When a horrified mother saw her 3-year-old fondle the family dog -- mimicking a game he played with his 12-year-old male babysitter -- she turned to Chicago psychiatrist and pediatrician Domeena C. Renshaw. An authority on sexual abuse and dysfunction, Dr. Renshaw told her to teach her son to say "no" to anyone who tried to see or touch his genitals.
Such incidents are common among the 300 patients Renshaw sees yearly in the children's clinic she runs for Loyola University. Much of this abuse could be prevented, Renshaw contends, by early sex education at home.
"We teach our children the rules of the road so they don't get run over by a truck," she asserts, "yet we don't teach them the rules of body privacy so they don't get run over by a molester."
To help parents teach children to fend off sexual abuse without tarnishing their delight in their own budding sexuality, Renshaw has written a 34-page, read-aloud coloring booklet, "Sex Talk for a Safe Child," published recently by the American Medical Association (AMA). An explicit yet sensitive guide to normal and abnormal affection and sex, it is designed to help parents, teachers and counselors know what to say and how to say it.
Parents should start talking to their child about sex and abuse when the child asks or when the situation demands, she says, just as "when a youngster is ready to cross the street, you tell him to look both ways.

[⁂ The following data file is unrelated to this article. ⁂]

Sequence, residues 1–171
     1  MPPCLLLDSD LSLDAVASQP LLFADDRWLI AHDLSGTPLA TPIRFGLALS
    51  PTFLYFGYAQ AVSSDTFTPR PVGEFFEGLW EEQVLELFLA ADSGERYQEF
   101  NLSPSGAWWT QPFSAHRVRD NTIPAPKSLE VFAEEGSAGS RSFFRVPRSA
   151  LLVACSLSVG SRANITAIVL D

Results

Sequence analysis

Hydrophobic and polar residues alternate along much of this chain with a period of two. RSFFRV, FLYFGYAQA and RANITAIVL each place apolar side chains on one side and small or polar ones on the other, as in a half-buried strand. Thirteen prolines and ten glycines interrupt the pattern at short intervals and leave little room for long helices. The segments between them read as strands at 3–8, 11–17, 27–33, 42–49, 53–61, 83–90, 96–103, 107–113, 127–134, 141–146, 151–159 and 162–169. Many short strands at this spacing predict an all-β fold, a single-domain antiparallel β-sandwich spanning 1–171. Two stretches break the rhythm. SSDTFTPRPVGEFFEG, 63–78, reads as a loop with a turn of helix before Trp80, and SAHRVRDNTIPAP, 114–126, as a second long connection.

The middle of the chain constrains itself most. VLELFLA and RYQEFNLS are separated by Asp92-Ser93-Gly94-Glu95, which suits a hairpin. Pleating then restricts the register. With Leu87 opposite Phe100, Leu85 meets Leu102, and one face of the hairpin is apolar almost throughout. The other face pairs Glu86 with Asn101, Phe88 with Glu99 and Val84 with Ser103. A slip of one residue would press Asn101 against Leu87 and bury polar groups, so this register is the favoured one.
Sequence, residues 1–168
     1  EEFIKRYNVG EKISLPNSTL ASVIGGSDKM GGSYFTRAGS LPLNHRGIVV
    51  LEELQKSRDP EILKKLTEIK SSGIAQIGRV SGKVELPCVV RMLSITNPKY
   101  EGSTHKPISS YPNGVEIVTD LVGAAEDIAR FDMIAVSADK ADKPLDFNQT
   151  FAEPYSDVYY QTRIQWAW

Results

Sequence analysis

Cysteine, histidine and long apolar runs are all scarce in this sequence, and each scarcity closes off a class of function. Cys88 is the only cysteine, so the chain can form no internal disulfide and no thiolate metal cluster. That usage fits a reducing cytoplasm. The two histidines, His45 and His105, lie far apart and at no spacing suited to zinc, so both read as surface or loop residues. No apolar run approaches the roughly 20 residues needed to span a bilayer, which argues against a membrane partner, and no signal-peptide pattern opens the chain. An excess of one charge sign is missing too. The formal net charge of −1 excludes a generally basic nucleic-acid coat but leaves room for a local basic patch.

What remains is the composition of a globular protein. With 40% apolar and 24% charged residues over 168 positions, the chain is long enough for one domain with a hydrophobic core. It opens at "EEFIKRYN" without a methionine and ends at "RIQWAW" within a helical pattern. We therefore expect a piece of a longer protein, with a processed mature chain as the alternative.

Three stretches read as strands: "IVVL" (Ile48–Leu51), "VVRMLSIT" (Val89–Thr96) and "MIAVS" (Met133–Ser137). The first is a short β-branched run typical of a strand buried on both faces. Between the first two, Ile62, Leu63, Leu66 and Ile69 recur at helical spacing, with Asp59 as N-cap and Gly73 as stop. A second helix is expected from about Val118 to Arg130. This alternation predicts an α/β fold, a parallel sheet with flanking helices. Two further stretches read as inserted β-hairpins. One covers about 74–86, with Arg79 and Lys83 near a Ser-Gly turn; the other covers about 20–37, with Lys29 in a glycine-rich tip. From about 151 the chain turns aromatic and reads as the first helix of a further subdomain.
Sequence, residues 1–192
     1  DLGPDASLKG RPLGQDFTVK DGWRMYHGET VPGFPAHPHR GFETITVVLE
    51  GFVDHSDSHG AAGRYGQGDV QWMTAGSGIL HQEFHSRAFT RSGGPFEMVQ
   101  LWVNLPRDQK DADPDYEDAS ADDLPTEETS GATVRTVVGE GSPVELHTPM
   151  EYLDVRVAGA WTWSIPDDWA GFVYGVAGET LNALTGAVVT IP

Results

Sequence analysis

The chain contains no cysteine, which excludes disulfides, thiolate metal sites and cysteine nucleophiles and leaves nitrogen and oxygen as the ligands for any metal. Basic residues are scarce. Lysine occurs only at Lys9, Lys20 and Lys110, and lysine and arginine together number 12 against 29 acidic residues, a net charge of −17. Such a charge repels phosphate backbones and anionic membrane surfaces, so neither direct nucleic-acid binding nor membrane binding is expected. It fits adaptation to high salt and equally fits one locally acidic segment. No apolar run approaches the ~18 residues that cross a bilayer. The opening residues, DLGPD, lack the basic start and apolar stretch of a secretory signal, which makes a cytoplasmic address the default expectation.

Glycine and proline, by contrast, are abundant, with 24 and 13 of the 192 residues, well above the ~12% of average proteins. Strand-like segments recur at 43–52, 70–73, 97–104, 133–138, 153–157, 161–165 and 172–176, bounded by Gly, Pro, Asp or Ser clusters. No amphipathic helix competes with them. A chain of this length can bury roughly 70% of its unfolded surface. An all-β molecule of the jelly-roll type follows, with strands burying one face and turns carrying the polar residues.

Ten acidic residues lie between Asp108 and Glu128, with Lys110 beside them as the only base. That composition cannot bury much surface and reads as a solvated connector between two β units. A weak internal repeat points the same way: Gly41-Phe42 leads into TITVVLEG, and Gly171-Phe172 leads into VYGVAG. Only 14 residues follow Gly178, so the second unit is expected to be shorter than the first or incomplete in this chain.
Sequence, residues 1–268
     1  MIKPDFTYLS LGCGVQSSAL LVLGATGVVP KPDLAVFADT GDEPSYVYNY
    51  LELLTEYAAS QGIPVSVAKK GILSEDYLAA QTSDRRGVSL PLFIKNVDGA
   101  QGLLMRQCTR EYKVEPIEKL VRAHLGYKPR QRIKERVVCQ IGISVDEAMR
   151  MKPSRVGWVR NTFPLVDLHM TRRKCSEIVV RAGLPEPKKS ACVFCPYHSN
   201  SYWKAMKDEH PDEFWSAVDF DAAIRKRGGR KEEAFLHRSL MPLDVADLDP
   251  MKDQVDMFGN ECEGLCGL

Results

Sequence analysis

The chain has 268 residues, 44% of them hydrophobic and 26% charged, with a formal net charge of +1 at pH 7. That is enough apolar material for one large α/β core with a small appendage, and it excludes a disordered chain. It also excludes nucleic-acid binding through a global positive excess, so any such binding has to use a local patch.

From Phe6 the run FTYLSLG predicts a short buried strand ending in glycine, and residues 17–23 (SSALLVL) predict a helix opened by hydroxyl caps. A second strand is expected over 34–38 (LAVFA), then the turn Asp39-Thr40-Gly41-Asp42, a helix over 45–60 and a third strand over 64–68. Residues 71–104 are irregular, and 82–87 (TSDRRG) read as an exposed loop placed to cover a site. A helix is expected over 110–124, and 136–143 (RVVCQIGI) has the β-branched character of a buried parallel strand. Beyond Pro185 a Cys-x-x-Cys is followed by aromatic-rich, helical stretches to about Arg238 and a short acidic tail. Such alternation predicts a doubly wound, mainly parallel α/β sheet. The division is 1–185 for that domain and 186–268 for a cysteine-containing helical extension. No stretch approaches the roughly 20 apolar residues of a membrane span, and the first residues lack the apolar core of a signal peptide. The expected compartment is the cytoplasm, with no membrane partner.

They must also be told, if a parent is not immediately available, to use the same backup emergency help for a sex problem as for an accident or a fire . . . Tell a neighbor or teacher, call mother or father at work, phone the police or a grandparent. Paste those numbers in a child's lunch box or satchel."
While parents -- even doctors -- may feel shy about discussing sex, Renshaw contends that ignorance can be harmful for today's child, who is bombarded with sex and violence on television and left more vulnerable to abuse in day care centers or from step parents.
"All children deserve to learn about sex at their beginning level of understanding," she says. "They must be told their own rights to body privacy -- that it is breaking the law to touch another's sex parts by deceit or force."
Parents should tell children, she says, that:
* It's normal to be curious about and to touch your whole body.
* Our custom is to wear clothes and keep the body private.
* Check out all grown-ups and "big kids" you don't know with your parents or teachers.
* Don't be alone in alleys or other dangerous places.
* Always go tell your mother or father or teacher when you are not sure about why any bigger person inside or outside the family tries to touch and play with your sexual parts.
* For lots of people -- even parents, doctors and teachers -- talking about sex is difficult and they feel shy. This is normal.
For information about child sexual abuse, call the FACT (Families and Children in Trouble) hotline, 628-3228. The hotline also will refer callers to local service agencies.
To set up an evaluation for a child who you suspect has been molested, phone the Division of Child Protection at the Children's Hospital National Medical Center, 745-4100. For general information call 745-5682 or write the division at 111 Michigan Ave. NW, Washington, D.C. 20010.
To report a case of child sexual abuse, phone the Sex Offense Branch of the D.C. police, 727-4151.
"Sex Talk for a Safe Child" is available for $5 from Order Department OP-234, American Medical Association, P.O. Box 10946, Chicago, Ill. 60610.